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Functional Hallux Rigidus ???

Discussion in 'Biomechanics, Sports and Foot orthoses' started by mike weber, May 25, 2010.

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    Hi folks.

    Had a lttle bit of an intersting one today.

    Doing some assessment stuff, noted slight Structural Hallux limitus non weightbearing on weightbearing exam No Hallux dorsiflexion available.

    So is there such thing as a functional Hallux Rigidus ?

    and papers written on it ?
  2. drsarbes

    drsarbes Well-Known Member

    is this a trick question?
  3. Probably, Steve. Probably...;)
  4. No

    Allright Steve work with me. or anyone else

    If you have a functional Hallux Limitus the joint will still dorsiflex but it will take increased force.

    But if the joint become rigid ( 1st time Ive noted this) it will not dorsiflex with any force I could muster, infact the patient started to lean back.

    so Limited motion v´s none.

    Explain to me why you thought it was a trick question.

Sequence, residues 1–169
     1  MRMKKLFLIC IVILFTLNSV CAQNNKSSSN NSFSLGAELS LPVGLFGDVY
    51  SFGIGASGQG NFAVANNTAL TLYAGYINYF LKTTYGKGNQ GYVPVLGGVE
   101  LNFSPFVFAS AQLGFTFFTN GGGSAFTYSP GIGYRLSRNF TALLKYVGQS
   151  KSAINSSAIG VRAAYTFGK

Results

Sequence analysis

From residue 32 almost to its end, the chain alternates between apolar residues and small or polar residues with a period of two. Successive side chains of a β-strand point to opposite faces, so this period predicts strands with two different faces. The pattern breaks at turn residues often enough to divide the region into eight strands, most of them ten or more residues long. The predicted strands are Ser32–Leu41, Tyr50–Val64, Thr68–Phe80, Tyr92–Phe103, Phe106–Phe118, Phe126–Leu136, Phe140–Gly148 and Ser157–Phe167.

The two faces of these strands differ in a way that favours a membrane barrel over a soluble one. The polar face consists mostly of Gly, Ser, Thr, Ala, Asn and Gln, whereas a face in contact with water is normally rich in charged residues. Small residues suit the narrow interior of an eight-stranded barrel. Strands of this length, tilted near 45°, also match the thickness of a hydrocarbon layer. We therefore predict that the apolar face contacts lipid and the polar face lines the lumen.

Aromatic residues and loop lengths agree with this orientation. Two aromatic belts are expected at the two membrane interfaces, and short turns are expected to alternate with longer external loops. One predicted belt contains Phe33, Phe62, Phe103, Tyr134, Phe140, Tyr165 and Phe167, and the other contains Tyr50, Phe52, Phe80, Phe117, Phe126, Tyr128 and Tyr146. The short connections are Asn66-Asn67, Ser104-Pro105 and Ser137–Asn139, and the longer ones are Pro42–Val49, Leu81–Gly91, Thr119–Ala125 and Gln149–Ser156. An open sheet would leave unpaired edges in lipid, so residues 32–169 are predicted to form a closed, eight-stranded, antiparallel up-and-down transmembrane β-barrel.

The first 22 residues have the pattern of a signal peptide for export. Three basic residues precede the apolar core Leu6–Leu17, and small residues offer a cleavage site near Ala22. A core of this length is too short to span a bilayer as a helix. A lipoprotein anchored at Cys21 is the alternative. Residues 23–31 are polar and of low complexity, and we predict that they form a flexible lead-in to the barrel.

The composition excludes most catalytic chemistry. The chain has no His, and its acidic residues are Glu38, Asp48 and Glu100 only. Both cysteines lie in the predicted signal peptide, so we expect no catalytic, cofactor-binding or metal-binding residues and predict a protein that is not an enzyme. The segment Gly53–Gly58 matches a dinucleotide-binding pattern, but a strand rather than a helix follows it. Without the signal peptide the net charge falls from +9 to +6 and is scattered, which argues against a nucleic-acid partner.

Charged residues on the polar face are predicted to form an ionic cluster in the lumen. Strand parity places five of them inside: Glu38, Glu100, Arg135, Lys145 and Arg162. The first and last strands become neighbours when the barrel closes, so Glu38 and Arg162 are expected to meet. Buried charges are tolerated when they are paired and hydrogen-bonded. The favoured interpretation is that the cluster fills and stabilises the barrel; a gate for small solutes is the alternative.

5. Cos it was not rigid. It was just that the amount of force needed to dorsiflex it was greater than the amount of force you could exert on it. Very, very stiff, but not rigid.

    Although this did get me to thinking. I think the terminology IS bad. The concept of functional hallux limitus implies that in function there is a limit to the amount of hallux dorsiflexion available. While this may be true the nature of FnHL as we understand it runs a little deeper. We discussed a while back how it may be fallacious to describe FnHL as either present or absent, that it is perhaps more accurate to talk about degrees on a scale. If we take the Rotational equilibrium definition of FnHL as

    "the condition which exists when the internal plantarflexion moment exceeds the external dorsiflexion moment"

    It sort of makes one think more in terms of kinetics than kinematics.

    Would it be more accurate to think of FnHL in terms of stiffness or resistance rather than purely the degrees of movement?